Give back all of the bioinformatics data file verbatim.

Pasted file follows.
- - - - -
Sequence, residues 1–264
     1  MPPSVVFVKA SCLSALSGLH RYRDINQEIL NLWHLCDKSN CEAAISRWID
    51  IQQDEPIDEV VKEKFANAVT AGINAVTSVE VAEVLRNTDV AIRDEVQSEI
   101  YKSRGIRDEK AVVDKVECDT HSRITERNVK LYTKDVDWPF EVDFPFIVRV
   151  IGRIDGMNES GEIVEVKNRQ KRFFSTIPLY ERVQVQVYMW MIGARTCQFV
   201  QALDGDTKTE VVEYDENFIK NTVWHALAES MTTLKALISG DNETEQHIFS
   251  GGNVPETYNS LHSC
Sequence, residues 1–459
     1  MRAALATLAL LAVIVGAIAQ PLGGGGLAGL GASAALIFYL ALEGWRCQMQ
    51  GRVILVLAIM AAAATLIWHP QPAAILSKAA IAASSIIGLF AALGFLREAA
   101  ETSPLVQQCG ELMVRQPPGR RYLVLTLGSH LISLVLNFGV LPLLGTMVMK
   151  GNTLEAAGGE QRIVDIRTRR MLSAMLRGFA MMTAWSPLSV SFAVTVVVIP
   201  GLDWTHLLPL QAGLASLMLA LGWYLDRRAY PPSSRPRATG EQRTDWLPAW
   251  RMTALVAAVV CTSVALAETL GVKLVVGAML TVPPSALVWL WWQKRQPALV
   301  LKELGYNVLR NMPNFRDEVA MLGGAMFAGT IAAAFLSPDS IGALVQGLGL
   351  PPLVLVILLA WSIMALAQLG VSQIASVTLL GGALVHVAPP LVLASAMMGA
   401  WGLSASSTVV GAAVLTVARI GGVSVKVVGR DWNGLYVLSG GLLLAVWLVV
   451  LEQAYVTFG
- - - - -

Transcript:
Sequence, residues 1–264
     1  MPPSVVFVKA SCLSALSGLH RYRDINQEIL NLWHLCDKSN CEAAISRWID
    51  IQQDEPIDEV VKEKFANAVT AGINAVTSVE VAEVLRNTDV AIRDEVQSEI
   101  YKSRGIRDEK AVVDKVECDT HSRITERNVK LYTKDVDWPF EVDFPFIVRV
   151  IGRIDGMNES GEIVEVKNRQ KRFFSTIPLY ERVQVQVYMW MIGARTCQFV
   201  QALDGDTKTE VVEYDENFIK NTVWHALAES MTTLKALISG DNETEQHIFS
   251  GGNVPETYNS LHSC
Sequence, residues 1–459
     1  MRAALATLAL LAVIVGAIAQ PLGGGGLAGL GASAALIFYL ALEGWRCQMQ
    51  GRVILVLAIM AAAATLIWHP QPAAILSKAA IAASSIIGLF AALGFLREAA
   101  ETSPLVQQCG ELMVRQPPGR RYLVLTLGSH LISLVLNFGV LPLLGTMVMK
   151  GNTLEAAGGE QRIVDIRTRR MLSAMLRGFA MMTAWSPLSV SFAVTVVVIP
   201  GLDWTHLLPL QAGLASLMLA LGWYLDRRAY PPSSRPRATG EQRTDWLPAW
   251  RMTALVAAVV CTSVALAETL GVKLVVGAML TVPPSALVWL WWQKRQPALV
   301  LKELGYNVLR NMPNFRDEVA MLGGAMFAGT IAAAFLSPDS IGALVQGLGL
   351  PPLVLVILLA WSIMALAQLG VSQIASVTLL GGALVHVAPP LVLASAMMGA
   401  WGLSASSTVV GAAVLTVARI GGVSVKVVGR DWNGLYVLSG GLLLAVWLVV
   451  LEQAYVTFG